In just four years, Uber has virtually overhauled the taxi and ride-sharing industry – especially in metro areas where people are likely to avoid owning or using their own cars.
However, the “win at all costs” culture within the start-up company may put the brakes on its growth. Without some changes in its approach to criticism and overall tactics, investors, employees and the public may be seeking a ride elsewhere.
Journalists don’t like Uber a whole lot. As revealed in a report from BuzzFeed, an executive at Uber publically suggested that journalists that have been critical of Uber’s culture should have their private lives investigated. This revelation wasn’t the only bad news for the company, which has gained a reputation for a hard-charging and overly competitive culture.
It’s a dark shadow on Uber’s overall business success. The app, which arranges for rides for consumers in major metro areas, has raised about $1.5 billion. It’s valued at more than $17 billion, and there’s talk on the horizon of a public offering. But all of that could be lost if all of the news about the company is about the culture and not about its car service.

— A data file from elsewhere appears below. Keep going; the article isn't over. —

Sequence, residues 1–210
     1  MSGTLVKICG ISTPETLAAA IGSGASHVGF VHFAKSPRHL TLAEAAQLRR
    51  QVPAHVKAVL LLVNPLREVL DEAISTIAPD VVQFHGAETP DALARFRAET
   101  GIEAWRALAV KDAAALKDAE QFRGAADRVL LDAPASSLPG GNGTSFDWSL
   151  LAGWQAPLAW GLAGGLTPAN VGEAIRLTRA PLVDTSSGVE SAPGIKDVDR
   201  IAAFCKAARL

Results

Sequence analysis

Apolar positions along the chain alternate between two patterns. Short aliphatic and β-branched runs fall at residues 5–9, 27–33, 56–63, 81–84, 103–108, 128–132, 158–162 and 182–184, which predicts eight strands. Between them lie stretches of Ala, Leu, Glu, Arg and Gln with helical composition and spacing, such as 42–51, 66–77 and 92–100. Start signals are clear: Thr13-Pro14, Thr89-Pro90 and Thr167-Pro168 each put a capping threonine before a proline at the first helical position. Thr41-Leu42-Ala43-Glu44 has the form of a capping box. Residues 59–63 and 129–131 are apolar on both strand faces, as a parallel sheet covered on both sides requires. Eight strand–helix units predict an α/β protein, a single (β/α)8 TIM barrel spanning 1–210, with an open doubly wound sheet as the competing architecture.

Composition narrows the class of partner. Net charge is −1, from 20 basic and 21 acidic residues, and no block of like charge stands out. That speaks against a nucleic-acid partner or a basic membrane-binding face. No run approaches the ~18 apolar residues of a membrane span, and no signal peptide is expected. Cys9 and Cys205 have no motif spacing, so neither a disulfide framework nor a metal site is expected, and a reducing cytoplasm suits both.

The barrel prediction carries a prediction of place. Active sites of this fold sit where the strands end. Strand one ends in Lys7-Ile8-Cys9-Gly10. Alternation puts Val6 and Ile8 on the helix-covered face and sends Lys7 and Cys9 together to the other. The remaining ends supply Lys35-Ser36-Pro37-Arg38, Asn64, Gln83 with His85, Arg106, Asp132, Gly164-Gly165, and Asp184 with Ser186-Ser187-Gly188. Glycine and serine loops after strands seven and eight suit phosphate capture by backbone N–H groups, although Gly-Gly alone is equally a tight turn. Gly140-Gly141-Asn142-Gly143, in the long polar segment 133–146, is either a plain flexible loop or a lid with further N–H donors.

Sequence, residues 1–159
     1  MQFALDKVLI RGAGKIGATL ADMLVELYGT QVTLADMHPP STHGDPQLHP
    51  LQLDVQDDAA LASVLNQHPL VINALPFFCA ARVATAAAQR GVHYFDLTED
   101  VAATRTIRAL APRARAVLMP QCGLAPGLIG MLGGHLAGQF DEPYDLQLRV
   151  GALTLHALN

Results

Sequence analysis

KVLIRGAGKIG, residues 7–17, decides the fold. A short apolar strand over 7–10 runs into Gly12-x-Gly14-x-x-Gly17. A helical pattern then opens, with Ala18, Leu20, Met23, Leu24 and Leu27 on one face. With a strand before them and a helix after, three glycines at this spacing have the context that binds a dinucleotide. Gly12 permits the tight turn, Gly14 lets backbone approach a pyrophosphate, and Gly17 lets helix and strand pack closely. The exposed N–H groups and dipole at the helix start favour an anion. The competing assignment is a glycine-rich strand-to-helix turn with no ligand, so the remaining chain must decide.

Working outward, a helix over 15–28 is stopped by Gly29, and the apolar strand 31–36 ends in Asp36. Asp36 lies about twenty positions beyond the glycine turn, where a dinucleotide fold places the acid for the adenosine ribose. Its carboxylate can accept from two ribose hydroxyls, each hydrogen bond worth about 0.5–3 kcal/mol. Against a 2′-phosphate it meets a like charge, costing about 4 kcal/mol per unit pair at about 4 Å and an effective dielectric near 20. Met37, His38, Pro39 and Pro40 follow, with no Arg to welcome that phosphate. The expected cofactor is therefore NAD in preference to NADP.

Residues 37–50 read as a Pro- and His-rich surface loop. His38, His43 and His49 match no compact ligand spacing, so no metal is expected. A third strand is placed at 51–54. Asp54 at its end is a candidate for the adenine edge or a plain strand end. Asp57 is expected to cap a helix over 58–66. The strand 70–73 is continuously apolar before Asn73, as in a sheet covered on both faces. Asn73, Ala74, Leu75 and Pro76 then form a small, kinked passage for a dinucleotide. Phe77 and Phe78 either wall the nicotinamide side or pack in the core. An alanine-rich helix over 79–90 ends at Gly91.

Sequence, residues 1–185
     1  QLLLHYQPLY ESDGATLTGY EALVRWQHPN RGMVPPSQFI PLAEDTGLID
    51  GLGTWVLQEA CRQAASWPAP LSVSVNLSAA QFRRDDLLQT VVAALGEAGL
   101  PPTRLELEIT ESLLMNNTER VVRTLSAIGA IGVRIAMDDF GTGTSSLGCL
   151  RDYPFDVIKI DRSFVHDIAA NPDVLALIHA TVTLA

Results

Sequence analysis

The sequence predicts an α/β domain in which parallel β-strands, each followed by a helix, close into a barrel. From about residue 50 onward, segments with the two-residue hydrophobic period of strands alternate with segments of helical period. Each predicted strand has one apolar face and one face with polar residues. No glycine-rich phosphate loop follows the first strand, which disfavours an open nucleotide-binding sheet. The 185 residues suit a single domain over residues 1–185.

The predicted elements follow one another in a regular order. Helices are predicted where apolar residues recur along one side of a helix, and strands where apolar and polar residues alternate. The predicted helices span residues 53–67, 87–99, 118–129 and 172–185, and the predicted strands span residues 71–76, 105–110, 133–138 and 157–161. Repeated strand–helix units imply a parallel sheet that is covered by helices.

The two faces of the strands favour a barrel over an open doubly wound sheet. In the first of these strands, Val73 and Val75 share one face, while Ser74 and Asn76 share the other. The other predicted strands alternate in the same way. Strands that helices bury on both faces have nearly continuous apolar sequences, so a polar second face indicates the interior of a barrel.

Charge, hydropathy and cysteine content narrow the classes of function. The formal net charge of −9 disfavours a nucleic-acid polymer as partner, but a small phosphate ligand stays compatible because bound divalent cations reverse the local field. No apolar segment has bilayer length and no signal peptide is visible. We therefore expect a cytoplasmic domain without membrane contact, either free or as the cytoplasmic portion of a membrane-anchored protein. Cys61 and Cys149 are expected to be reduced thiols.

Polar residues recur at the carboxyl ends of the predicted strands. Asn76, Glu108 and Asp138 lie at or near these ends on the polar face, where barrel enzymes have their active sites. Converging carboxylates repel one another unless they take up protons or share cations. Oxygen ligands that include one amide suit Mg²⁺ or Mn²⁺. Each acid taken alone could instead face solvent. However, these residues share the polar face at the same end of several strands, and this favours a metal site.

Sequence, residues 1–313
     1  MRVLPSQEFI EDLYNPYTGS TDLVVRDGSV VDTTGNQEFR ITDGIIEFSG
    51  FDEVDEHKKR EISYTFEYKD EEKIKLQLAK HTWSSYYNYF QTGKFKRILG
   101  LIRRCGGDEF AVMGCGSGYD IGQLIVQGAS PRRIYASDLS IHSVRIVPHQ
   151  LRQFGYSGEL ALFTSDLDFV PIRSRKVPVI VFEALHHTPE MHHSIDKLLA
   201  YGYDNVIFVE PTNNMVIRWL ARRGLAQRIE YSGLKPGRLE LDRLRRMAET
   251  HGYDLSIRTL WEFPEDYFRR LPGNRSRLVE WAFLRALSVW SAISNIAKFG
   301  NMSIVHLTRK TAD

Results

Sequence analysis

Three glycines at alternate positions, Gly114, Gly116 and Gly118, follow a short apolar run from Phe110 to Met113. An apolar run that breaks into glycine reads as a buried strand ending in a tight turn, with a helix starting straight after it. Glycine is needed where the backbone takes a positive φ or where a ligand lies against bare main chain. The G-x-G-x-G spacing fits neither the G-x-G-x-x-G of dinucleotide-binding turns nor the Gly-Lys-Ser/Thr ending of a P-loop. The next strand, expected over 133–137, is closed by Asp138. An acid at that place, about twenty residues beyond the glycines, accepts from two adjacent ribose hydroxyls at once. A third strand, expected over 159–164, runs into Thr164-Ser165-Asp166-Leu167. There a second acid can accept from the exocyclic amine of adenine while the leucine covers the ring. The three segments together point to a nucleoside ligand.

Uber is still getting lots of negative attention. In addition to the journalist spying story, Uber has gotten attention for a variety of less than flattering situations. An Uber driver (who was, like all other drivers, an at-will contractor) hit an immigrant family in San Francisco, killing a 6-year-old on New Year’s Eve 2013. Other drivers have been accused of sexually assaulting passengers. There have also been concerns about drivers having access to rider’s private information and travel habits, which could amount to privacy violations.
Even though these accusations paint a grim picture for the future of the company, it’s not uncommon for fast growing tech companies to have some problems cast a shadow on their success. Facebook, for example, was often subject to outrage from its users during its rapid rise. It shifted its approach and was able to win users’ trust back. Uber may be able to do the same, but it would require some changes to its technology as well as to its leadership.